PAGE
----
Category Archives: symbolism

The naming powers of housing builders

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I am collecting interesting names of subdivisions, apartment complexes and gated communities in my area of Texas. It seems that land development and construction around here has gotten so busy that builders are running out of names for their creations. After a series of Mira Lagos, Sleepy Hollow and Blueberry Hills, what’s next in terms of names for blueberry-less, lake-less, and hollow-less neighborhoods? Some of them have a hidden meaning that I wonder if it has been really considered by those who picked them or who chose to live there. Here is a shortlist: Continue reading

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The village culture reports: death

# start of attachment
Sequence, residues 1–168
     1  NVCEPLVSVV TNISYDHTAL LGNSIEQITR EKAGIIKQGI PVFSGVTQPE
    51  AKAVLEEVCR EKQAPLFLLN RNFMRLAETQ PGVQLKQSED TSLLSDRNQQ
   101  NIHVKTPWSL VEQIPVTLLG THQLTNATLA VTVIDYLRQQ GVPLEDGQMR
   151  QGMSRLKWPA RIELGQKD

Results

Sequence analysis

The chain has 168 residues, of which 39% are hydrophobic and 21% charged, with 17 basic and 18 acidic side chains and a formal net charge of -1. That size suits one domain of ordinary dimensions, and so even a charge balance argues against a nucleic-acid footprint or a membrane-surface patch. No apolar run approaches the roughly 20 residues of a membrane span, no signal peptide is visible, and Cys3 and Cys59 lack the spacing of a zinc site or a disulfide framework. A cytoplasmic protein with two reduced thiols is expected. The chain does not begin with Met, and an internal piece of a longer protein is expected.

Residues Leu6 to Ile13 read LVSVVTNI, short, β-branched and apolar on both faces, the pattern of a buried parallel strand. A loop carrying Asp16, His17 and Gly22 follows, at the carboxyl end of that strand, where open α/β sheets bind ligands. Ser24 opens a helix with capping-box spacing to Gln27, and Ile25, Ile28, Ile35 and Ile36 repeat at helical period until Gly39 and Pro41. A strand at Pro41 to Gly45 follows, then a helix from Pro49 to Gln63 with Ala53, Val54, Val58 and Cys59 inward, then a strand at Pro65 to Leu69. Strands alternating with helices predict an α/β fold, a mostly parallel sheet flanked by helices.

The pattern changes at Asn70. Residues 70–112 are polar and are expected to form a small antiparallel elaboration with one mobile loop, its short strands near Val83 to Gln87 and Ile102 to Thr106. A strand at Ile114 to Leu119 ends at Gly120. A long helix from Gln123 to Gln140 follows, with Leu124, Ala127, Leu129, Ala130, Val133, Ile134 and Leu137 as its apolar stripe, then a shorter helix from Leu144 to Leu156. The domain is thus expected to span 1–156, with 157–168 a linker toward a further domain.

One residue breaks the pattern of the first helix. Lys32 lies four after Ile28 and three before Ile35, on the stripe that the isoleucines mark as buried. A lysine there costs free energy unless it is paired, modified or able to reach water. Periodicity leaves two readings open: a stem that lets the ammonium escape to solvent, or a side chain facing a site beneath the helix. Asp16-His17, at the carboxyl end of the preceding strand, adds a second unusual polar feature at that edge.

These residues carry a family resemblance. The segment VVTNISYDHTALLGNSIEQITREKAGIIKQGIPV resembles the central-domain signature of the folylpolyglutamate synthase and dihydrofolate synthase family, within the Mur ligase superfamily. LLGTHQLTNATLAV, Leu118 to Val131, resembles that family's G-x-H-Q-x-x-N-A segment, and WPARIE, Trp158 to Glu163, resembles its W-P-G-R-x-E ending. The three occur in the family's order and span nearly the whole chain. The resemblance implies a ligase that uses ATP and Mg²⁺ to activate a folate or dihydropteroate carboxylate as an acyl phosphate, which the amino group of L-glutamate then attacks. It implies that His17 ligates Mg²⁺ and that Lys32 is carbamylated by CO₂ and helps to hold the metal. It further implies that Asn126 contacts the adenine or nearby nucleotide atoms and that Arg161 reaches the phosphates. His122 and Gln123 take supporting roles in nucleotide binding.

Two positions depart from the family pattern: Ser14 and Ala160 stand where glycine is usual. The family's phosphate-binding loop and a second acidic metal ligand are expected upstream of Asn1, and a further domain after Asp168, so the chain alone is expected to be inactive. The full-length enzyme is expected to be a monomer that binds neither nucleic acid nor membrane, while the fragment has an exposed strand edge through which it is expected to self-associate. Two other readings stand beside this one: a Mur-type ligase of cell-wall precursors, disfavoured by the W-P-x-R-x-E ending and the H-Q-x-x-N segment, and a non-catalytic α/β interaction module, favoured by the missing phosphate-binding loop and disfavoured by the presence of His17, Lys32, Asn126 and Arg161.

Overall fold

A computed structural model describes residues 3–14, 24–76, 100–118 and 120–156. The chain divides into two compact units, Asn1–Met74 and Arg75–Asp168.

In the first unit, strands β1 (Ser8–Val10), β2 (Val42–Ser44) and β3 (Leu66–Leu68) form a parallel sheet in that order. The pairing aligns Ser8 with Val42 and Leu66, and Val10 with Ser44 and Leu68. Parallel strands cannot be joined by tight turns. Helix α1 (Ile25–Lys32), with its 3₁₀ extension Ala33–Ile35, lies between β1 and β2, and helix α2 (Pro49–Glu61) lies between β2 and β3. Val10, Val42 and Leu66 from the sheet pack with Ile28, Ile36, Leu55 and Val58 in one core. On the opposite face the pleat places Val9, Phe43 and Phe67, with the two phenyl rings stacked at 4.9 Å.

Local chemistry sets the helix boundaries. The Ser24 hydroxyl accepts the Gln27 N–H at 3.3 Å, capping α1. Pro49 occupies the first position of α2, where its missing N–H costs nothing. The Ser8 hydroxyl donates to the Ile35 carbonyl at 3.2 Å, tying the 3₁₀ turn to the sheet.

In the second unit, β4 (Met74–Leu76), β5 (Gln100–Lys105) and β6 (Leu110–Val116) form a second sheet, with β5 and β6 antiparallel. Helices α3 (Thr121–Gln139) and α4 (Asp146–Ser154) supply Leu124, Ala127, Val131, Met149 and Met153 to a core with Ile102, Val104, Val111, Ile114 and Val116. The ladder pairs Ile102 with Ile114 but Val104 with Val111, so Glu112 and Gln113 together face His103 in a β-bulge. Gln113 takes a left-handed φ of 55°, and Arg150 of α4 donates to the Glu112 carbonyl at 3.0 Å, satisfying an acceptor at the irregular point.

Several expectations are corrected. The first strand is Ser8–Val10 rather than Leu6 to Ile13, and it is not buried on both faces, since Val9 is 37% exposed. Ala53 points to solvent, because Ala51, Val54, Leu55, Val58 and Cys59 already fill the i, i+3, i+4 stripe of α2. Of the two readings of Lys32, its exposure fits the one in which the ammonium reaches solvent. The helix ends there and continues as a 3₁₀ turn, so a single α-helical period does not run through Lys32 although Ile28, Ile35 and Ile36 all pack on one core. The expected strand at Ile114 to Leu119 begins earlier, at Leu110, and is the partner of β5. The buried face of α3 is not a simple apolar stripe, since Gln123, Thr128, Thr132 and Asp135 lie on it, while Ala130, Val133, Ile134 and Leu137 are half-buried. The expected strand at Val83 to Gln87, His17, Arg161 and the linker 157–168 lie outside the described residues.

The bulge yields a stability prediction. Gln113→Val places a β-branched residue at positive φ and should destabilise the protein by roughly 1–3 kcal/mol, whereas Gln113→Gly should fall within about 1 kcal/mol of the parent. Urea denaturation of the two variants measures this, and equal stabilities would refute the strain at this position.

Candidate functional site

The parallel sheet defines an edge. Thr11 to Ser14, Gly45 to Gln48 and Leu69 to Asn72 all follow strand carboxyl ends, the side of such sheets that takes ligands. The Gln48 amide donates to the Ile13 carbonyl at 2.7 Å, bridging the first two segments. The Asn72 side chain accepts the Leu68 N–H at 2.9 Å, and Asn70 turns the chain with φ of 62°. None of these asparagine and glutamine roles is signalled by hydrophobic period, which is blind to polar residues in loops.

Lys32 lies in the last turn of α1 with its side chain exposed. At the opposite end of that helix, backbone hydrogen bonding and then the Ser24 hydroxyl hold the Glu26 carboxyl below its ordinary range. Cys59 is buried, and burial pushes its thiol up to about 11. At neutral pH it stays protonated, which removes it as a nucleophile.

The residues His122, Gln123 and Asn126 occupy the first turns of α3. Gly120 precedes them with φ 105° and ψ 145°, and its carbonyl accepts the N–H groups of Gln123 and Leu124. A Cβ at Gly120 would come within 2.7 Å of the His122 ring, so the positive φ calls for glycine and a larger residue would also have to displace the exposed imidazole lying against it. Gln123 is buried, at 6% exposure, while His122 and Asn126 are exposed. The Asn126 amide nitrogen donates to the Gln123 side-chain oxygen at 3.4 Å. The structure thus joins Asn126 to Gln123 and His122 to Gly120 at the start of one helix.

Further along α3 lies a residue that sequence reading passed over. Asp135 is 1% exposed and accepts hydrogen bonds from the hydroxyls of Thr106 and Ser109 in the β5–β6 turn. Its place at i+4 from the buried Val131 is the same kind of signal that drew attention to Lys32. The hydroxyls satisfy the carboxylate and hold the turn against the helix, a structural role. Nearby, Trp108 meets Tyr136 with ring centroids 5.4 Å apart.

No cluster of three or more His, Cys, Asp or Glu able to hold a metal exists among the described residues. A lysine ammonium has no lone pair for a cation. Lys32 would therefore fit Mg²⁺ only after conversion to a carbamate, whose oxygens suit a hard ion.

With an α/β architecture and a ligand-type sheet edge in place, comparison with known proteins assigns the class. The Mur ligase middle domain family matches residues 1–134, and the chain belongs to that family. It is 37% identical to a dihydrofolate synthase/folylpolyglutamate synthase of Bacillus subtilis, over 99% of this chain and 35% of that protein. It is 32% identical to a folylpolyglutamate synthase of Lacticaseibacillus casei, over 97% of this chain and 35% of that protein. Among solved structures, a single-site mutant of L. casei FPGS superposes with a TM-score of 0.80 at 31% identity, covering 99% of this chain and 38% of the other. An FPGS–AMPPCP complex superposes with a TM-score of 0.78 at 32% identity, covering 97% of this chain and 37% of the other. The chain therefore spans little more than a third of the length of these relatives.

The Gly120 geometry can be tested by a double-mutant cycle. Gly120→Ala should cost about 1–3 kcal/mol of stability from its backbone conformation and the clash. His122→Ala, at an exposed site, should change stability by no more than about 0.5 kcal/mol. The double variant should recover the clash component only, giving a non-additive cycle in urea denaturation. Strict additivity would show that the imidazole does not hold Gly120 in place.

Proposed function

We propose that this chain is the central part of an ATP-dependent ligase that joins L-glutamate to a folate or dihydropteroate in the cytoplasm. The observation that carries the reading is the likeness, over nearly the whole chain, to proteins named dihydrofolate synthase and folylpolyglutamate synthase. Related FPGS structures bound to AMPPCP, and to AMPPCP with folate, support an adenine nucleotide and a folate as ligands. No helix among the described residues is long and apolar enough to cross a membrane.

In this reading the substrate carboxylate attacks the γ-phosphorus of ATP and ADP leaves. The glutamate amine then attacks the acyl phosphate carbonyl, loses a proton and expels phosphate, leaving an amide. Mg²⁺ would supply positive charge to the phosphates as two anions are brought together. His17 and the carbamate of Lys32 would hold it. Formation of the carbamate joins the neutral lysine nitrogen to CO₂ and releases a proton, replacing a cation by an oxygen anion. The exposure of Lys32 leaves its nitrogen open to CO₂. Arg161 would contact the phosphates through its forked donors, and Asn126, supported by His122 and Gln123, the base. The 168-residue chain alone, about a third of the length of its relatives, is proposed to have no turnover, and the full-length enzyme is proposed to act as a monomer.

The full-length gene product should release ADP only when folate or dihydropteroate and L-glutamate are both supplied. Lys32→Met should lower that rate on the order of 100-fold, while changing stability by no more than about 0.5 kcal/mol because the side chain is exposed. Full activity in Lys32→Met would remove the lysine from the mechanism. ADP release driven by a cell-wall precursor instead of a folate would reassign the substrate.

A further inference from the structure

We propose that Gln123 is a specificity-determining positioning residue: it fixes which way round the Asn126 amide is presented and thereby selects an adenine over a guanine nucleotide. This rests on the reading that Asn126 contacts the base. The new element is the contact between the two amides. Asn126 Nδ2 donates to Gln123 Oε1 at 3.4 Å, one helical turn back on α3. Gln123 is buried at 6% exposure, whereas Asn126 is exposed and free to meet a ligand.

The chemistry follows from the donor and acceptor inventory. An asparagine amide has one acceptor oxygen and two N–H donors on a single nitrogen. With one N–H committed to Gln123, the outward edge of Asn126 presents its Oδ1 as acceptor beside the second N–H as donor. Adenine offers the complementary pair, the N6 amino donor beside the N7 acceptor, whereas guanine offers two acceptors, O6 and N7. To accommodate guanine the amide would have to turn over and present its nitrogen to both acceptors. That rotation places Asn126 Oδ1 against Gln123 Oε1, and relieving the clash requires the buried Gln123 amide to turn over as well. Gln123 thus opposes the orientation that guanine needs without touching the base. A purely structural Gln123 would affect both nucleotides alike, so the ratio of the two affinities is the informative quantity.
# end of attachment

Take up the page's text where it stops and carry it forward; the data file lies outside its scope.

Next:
Every year in mid-autumn, local galleries here invite submission of art related to the Day of the Dead. At least in Texas, where Mexican culture has become so mainstream that its symbolism is part of everyday life, this celebration is really ubiquitous.

However, there is something to be noted: said galleries feel the need to warn artists not to submit any Halloweeny content, like zombies and other gore. The Day of the Dead is nothing like Halloween, they insist to explain; it’s not about fear or disguise but about respect and connection with death.

And there is something very telling in our confusion and replacement of a day of commemoration of the dead with an (optionally scary) dress up party that Halloween has become. I agree, dress up is good and it used to have its own time for that (Carnival), but today I’d like to argue that we need more of what the Day of the Dead is: an opportunity to connect with death and our own departed to help us better make sense of their departure and our life. And I believe that village culture does that very well. Continue reading